The embedding saga continues. The right to embed another's photo or video that was posted on social media has been one of the most hotly litigated issues in copyright law over the past two-plus years. There is now a clear divide between the Second and Ninth Circuits over whether embedding a photo or video is an infringing public display under the Server Rule.  (Hint: Second Circuit says yes, Ninth says no.)  There is also a question of whether embedding is fair use.  (Hint: it depends.)  And there is a question of whether posting a photo or video on social media, such as Twitter or Instagram, grants a license to others to embed using the sites' embedding API tool.

Courts recently examining this issue generally concluded that, while posting the content grants a license to Instagram (with the right to sublicense), it is not clear whether Instagram exercises that right in its policy governing its API tool that allows other users to embed that content.  My colleague Brian Murphy discussed this extensively and summarized in a graphic that I'm reproducing below (fair use, anyone?):

Instagram itself allegedly weighed in on this issue last summer in an email from Facebook (er, Meta?), which owns Instagram, to Ars Technica, stating:

"While our terms allow us to grant a sub-license, we do not grant one for our embeds API," a Facebook company spokesperson told Ars in a Thursday email. "Our platform policies require third parties to have the necessary rights from applicable rights holders. This includes ensuring they have a license to share this content, if a license is required by law." 

Just last week, however, Instagram rolled out a new option enabling users to choose whether to allow embedding of their posted photos or videos.  In other words, users can now disable the embed API for the materials they post to their account.

Problem solved?  Hardly.  What if a user doesn't disable embedding -- does that mean that the user can no longer claim that embedding that content is copyright infringement?  It seems like there are three possible arguments:

Argument (1): By allowing users to disable embedding, Instagram is exercising it sublicense right to API users unless the content poster opts out.

This was essentially the original conclusion from Judge Kimba Wood in Sinclair v. Davis before Instagram allowed users to disable embedding.  At the time, Judge Wood stitched together the Instagram's Terms of Use, Privacy Policy, and Platform Policy, to conclude that "because Plaintiff uploaded the Photograph to Instagram and designated it as 'public,' she agreed to allow Mashable, as Instagram’s sublicensee, to embed the Photograph in its website."  Judge Wood pulled back this decision on reconsideration, however, aligning herself with Judge Failla in McGuckin v. Newsweek that while Instagram has a sublicensable license, it was not clear that Instagram had exercised that right.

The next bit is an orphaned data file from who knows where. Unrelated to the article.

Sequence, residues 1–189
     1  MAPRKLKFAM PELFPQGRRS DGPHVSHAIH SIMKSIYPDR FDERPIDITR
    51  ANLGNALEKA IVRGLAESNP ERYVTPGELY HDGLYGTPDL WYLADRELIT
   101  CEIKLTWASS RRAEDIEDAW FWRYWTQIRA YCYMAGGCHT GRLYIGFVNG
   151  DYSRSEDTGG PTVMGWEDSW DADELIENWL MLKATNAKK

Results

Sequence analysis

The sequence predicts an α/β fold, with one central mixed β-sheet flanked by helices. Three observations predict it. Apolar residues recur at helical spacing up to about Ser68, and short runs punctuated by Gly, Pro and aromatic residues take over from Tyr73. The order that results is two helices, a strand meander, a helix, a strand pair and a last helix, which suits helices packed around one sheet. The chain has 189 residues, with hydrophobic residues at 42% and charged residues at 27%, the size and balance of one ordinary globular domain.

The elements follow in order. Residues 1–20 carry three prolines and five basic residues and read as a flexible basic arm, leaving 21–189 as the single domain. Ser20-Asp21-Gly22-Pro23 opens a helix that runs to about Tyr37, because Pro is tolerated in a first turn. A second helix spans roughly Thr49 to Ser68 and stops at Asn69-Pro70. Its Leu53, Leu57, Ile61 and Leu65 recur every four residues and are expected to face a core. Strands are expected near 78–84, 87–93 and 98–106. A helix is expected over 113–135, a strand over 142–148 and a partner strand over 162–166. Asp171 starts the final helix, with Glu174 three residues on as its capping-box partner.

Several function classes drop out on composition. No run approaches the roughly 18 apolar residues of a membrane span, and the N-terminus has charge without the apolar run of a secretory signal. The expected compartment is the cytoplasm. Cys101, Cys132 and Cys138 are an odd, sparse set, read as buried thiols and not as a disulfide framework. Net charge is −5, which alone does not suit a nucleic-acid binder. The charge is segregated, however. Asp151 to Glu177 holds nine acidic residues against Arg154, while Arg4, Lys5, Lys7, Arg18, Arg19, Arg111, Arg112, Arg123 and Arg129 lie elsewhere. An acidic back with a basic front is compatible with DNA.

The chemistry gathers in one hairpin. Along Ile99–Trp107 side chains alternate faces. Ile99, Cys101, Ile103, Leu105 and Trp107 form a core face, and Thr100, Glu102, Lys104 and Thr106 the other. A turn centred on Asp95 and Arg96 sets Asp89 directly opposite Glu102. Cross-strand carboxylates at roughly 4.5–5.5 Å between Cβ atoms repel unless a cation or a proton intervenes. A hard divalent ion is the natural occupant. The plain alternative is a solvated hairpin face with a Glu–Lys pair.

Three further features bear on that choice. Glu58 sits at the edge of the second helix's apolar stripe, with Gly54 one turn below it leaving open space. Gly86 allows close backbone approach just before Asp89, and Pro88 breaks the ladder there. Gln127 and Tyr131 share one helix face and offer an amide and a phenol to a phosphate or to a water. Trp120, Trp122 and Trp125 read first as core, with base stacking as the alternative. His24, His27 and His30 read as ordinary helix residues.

Now that Instagram affirmatively allows users to prevent embedding, does that change the analysis?  Look at the new language on Instagram's help page:

Instagram expressly informs users that their content "can be shared by third-party sources." And when you click on the link in the help page, Instagram further clarifies: "Note that for a post or profile to be embedded, your account must be public and the Embeds setting must be turned on."  So Instagram is now phrasing the ability of third parties to embed as essentially an affirmative right granted by the content holder.  Which brings me to the next argument...

Argument (2): Content holders grant third parties an implied license when they don't disable the embed feature.

I find this argument intriguing.  It reminds me of Field v. Google, a 2006 District of Nevada case, which held that the plaintiff granted Google an implied license to display cached links of his web page because he didn't exercise his ability to prevent Google from doing so by using a "no-archive" meta-tag.  This case may have been an outlier, but does its logic nevertheless apply here?  As noted above, Instagram is essentially portraying the embed option as one that is affirmatively allowed by the user.  Assuming this characterization is correct, is the user therefore granting an implied copyright license to embed?  And does it matter that a user apparently can only enable (or disable) embedding for one's entire profile, rather than on an image-by-image basis?  All good questions, if I do say so myself.  

And then there's the third argument:

Argument (3): Nothing has changed.

This one requires little unpacking.  The upshot is that users can now disable the embed feature, but that has no impact on whether or not Instagram grants API users a sublicense or whether users grant them an implied license.  Perhaps it's a more pragmatic way of looking at the situation: if you want to avoid a circumstance where you have a sue a third party for embedding your content, just prevent them from doing it in the first place.  And if you want to know how to prevent them, click here.

This is certainly not the last we've heard on this issue.  Just the latest.